The Brief: Some people who are currently incarcerated are making TikToks which include dance routines, skits, prison advice, and more.
Some of the best-known portrayals of incarceration in media and pop culture include shows like Oz, Orange Is The New Black, and reality TV. As people post TikToks from prison, their experiences are being mediated not by writers or producers, but by incarcerated people themselves, with limitations based on their access to cell phones and the app’s algorithm.
At the time of writing, videos associated with the hashtag #PrisonTikTok have been viewed over 4.6 million times and ones associated with #Prison have been viewed over 468 million times. Much of the content to be found under the hashtags #PrisonTikTok and #Prison don’t actually come from prison, as many people use the tags to create skits about prison or to talk about related issues.
TikTok videos shot in prison feature a variety of content including dance moves, workout routines, recipes, cell tours, and other tastes of daily life. Although inmate possession of cell phones and tablets is prohibited in U.S. federal prison, cell phones are commonly smuggled contraband items. According to the app’s community guidelines, TikTok prohibits “the depiction or promotion of criminal activities,” which depending on interpretations of the law could include inmate possession of cell phones. Videos posted from prison on TikTok typically lack identifying details like where they were taken or when, so it’s not always clear what the rules around cell phones are in the various penal institutions these videos are coming from.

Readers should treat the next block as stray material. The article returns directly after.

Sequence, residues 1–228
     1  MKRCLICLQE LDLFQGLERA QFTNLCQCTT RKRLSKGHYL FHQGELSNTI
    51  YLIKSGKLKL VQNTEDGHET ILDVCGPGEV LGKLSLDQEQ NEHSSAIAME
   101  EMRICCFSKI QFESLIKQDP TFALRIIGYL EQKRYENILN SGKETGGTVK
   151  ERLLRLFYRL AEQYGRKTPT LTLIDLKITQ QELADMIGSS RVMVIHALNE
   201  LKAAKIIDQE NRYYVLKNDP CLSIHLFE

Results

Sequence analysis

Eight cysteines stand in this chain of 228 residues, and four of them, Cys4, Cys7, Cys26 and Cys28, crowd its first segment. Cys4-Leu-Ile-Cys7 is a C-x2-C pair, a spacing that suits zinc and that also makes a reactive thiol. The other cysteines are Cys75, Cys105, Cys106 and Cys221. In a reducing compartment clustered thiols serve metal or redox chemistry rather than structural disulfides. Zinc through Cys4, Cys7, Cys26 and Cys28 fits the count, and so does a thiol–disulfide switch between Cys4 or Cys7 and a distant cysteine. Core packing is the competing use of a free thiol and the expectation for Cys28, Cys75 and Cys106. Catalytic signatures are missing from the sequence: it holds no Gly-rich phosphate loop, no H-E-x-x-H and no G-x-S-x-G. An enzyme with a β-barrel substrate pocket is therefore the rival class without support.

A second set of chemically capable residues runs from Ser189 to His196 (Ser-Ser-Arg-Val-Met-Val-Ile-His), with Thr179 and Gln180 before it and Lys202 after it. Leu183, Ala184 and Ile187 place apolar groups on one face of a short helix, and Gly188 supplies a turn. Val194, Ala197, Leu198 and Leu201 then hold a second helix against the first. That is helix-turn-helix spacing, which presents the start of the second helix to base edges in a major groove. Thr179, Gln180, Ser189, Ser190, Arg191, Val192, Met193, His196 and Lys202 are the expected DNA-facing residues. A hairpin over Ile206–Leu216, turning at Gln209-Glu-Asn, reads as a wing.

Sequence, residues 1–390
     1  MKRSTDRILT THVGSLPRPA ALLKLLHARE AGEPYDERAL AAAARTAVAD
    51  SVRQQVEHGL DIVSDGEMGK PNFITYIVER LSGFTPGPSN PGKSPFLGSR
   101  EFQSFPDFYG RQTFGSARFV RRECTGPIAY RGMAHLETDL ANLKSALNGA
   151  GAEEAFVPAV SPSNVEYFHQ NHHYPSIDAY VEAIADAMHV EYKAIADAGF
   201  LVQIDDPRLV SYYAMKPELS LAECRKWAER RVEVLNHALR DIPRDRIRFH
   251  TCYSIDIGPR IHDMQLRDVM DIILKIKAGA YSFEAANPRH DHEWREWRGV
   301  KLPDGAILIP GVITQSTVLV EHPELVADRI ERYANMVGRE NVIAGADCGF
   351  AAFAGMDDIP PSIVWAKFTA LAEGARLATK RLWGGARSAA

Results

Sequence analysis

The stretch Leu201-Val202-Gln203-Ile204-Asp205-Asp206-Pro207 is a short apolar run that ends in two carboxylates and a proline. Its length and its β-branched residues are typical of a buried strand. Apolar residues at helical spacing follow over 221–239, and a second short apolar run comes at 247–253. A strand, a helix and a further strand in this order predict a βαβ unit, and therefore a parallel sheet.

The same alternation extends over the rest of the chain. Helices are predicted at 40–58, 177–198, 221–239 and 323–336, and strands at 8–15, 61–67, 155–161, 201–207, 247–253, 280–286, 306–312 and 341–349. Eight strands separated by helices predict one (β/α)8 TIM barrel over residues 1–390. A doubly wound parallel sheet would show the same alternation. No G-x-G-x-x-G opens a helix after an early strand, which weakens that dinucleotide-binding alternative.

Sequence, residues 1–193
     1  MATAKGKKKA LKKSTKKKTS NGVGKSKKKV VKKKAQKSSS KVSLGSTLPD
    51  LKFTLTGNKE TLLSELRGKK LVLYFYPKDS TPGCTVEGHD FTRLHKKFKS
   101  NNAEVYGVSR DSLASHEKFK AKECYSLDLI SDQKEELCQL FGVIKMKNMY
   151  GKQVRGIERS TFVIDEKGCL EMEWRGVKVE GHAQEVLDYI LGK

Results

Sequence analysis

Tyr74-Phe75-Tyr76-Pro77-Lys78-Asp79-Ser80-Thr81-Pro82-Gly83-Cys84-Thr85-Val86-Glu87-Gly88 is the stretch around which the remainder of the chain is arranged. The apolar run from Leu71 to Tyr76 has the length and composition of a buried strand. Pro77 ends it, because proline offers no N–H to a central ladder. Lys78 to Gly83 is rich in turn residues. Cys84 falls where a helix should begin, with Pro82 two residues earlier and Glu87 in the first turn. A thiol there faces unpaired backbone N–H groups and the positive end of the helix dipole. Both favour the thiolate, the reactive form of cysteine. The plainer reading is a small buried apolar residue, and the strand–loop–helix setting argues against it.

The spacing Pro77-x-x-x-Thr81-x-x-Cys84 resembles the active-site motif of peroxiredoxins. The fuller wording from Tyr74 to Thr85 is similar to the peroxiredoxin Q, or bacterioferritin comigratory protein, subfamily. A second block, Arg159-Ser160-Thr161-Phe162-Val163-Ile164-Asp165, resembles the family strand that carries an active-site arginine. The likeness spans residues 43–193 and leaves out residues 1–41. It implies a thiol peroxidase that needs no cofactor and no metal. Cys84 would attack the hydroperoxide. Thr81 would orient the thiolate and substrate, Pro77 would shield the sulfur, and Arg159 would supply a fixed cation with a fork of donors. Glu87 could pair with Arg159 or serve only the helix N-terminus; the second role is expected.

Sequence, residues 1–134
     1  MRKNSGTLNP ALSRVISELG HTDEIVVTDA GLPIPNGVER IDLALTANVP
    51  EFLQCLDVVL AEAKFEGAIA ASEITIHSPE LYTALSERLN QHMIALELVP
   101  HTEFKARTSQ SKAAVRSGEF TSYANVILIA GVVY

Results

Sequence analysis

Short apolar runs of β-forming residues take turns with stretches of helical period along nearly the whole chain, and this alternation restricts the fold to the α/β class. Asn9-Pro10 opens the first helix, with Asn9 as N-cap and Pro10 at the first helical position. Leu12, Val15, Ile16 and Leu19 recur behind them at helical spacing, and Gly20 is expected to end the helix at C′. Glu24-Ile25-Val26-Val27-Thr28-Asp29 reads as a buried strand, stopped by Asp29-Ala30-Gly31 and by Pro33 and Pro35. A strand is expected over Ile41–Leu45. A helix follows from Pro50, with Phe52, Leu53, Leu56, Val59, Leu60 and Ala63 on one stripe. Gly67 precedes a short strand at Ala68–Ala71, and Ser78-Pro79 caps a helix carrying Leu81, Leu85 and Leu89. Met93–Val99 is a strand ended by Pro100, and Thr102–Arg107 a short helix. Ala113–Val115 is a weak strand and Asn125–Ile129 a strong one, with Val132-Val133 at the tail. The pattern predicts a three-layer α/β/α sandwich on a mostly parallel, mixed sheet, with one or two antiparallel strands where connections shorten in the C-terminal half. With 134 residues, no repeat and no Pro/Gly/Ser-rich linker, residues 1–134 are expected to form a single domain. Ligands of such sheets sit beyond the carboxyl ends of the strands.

TikToks posted from prison are typically more sporadic than the typical user’s, but this hasn’t stopped some incarcerated TikTokers from racking up tens of thousands of followers and millions of views on their videos. Many of the top TikTok prison videos resemble other popular TikTok content, but some people are using their accounts to spread awareness about conditions in prison including the heightened risk of catching COVID-19 there. On an individual level, some incarcerated TikTokers use hashtags to ask that viewers “free” them or include links to their CashApp so that people can send them money.